Category Archives: II/18e Antigonas Gonatas

Galatian Incursions

Friday evening found a selection of armies converging on my temporary gaming room for an evening of DBA. As it turned out a Galatian theme developed.

Our first battle of the evening found the Galatians (Ben) migrating into the provinces of Asia Minor and clashed with the Kappadokians (Andrew). The Kappadokians had suffered a series of defeats recently so were keen to turn the tables on the most recent invader.

The two armies deployed and it was soon apparent the Galatians were advancing in the centre and right. This rapid advance by the Galatian centre was countered by a thrust against the Galatian left flank through various rocky paths over an area of basalt peaks. Below, the Galatians prepare to engage the Kappadokian centre which is already scattered. Visible in the Galatian line is a Scythed Chariot.

As both armies manoeuvred they slowly became more disjointed with the likely result the struggle would be prolonged. However, a sudden series of attacks were launched by the Kappadokians with great elan and surprisingly the Galatian morale shattered as each attack was driven home with devastating results. The Galatians fled suffering a devastating 4-1 loss for their invasion.

Discouraged but desperate for loot the Galatians (Ben) moved west towards Greece. From here they moved south along the coast towards an army assembled by Ptolemy Keraunos (Keith). Keraunos, deploying first, placed himself in the centre of the phalanx astride one of his several elephants with the intention of smashing his way through the Galatian line. However, as the Galatans deployed he became increasingly concerned about his right flank. Seemingly oblivious to potential threats he undertook to expand his right by a series of complex manoeuvres. The Galatian left, comprising mounted, surged forward. Macedonian casualties were immediate with a portion of the phalanx breaking at first contact under the Galatian mounted onslaught. However, slowly Keraunos gained the advantage and the Galatian left was driven back.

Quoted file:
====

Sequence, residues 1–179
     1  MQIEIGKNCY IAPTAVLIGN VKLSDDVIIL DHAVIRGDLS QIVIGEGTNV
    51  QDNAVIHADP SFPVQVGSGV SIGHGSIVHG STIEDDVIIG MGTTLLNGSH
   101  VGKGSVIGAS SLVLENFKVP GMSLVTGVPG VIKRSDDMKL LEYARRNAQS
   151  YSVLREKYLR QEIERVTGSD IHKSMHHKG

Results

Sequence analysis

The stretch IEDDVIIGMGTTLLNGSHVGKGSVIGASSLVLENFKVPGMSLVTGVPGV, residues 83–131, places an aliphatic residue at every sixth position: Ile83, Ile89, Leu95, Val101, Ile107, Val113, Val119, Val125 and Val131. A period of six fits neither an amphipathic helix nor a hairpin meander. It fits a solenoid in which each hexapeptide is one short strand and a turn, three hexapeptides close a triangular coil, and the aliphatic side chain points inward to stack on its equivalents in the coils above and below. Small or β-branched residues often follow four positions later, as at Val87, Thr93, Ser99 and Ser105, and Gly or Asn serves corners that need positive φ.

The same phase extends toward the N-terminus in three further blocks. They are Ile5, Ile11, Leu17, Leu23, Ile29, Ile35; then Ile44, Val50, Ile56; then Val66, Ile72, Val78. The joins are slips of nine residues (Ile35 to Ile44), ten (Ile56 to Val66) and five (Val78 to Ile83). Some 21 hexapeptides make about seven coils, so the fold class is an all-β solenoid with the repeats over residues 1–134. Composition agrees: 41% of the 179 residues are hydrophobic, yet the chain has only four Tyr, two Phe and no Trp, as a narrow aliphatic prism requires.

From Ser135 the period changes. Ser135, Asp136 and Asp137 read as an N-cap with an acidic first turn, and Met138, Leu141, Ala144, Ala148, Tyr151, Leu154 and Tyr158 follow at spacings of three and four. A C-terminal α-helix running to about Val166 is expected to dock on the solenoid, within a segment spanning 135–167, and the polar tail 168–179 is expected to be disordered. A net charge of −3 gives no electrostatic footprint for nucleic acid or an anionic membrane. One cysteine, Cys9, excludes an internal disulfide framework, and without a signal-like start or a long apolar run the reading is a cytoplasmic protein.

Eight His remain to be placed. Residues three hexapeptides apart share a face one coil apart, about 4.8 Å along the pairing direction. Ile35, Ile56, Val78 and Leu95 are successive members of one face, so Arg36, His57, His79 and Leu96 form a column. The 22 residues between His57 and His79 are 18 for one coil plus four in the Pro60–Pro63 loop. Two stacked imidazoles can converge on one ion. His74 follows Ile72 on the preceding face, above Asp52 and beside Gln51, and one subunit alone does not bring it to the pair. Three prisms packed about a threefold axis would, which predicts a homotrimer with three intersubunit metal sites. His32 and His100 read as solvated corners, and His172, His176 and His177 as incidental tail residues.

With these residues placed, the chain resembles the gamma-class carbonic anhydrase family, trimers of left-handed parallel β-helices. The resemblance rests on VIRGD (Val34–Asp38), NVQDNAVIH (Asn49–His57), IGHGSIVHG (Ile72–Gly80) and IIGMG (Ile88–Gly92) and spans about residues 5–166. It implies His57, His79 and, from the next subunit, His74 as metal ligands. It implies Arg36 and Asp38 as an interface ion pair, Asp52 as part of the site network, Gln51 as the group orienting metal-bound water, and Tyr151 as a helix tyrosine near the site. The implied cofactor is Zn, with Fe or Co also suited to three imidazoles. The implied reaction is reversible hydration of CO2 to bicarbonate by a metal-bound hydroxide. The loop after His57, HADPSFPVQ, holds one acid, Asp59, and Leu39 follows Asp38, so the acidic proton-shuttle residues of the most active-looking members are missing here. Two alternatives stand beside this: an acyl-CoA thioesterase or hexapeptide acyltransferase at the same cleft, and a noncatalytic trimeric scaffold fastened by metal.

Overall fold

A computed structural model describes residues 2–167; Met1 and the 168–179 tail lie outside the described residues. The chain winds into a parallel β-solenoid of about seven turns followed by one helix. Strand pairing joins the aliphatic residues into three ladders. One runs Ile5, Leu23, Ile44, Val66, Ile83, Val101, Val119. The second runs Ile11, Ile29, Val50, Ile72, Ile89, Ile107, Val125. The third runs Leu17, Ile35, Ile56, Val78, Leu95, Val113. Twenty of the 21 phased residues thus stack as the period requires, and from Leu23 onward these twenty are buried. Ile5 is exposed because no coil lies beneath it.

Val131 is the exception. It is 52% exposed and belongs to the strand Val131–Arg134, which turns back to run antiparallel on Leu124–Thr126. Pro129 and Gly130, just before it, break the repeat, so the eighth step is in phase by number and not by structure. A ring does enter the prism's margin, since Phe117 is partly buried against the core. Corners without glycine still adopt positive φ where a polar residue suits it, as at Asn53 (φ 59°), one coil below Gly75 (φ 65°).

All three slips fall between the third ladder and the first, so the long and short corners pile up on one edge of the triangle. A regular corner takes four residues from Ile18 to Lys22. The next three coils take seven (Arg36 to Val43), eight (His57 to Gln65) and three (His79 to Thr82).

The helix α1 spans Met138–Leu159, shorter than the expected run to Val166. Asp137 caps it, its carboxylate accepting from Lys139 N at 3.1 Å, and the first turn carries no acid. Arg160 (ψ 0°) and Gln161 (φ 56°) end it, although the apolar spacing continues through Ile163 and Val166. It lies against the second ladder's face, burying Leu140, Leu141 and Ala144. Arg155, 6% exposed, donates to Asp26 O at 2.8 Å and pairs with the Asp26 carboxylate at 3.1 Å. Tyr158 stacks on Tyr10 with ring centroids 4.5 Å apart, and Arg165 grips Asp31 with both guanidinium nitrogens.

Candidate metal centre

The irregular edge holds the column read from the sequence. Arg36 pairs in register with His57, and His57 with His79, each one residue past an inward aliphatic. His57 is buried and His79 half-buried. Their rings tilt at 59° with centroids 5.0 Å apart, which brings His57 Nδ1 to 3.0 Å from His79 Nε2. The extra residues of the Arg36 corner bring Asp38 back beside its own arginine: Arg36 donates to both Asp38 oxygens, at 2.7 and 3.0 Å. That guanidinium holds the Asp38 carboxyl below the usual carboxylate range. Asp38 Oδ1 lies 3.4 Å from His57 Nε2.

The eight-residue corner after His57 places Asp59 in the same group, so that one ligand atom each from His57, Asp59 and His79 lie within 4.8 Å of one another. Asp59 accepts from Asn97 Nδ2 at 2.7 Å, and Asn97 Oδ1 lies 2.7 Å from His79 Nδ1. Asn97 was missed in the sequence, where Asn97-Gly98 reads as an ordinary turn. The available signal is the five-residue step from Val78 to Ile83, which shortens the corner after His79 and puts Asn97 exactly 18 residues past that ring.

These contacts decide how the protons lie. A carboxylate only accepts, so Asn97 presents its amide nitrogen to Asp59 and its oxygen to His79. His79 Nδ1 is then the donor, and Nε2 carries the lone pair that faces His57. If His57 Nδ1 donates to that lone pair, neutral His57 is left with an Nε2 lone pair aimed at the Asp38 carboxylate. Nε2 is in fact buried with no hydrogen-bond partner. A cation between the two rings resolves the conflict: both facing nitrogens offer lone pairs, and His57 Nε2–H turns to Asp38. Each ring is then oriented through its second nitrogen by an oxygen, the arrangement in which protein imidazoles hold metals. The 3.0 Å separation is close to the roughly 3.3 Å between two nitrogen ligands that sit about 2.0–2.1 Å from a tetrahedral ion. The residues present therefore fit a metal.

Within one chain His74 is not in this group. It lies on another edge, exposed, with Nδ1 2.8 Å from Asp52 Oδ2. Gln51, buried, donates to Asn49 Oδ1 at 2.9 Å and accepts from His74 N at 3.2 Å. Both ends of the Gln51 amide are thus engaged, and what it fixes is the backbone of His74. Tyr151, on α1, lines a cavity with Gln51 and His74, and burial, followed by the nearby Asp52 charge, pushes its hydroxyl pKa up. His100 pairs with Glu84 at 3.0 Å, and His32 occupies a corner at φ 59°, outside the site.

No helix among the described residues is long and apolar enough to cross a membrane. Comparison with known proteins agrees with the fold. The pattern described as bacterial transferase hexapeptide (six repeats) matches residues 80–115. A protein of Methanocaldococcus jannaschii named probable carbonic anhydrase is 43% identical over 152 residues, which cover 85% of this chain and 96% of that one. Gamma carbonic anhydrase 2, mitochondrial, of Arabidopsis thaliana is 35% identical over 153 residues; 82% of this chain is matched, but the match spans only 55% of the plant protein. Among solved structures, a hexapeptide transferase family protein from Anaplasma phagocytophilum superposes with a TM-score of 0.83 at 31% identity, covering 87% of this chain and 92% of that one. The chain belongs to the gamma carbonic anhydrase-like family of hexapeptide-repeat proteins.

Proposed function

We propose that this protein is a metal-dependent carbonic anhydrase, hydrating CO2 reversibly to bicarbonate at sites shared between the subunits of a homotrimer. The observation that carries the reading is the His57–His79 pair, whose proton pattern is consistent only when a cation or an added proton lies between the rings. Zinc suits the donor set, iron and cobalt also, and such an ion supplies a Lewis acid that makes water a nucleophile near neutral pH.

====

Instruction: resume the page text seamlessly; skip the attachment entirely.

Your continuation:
Above an below the armies engaged. The Greek left is held by Greek mercenary peltasts (3Ax) who would fight valiantly for some time against Galatian armoured warriors (4Bd) and naked warriors (4Wb). Below, the Greek right and a portion of the centre driving back the Galatian left and centre.

Elsewhere the fighting was both intense and certainly confusing with Greek sources unclear of all events. However, slowly the Galatians gained the advantage. Keraunos himself meanwhile, at the head of his pachyderms, pressed forward driving the Galatians to his front back. Though Keraunos fought valiantly his army finally collapsed with a 4-2 victory to the Galatians.

While the Galatians focused on their plunder Ptolemy Keraunos (Keith) reformed his army and move to counter another threat, this time by Antigonus Gonatas (Andrew). Gonatas had taken the opportunity to bolster his smaller phalanx with a number of Galatians, Greece was flush with mercenaries after all! Now both commanders deployed with their phalangites in the centre. Keraunos again deployed his elephants between the taxis in a commanding position on one beast. Gonatas meanwhile deployed on his left wing with his cavalry opposite Ptolemy’s mounted. On the opposite flank both commanders deployed their thureophoroi and other mercenaries, Ptolemy’s left flank resting on an small village.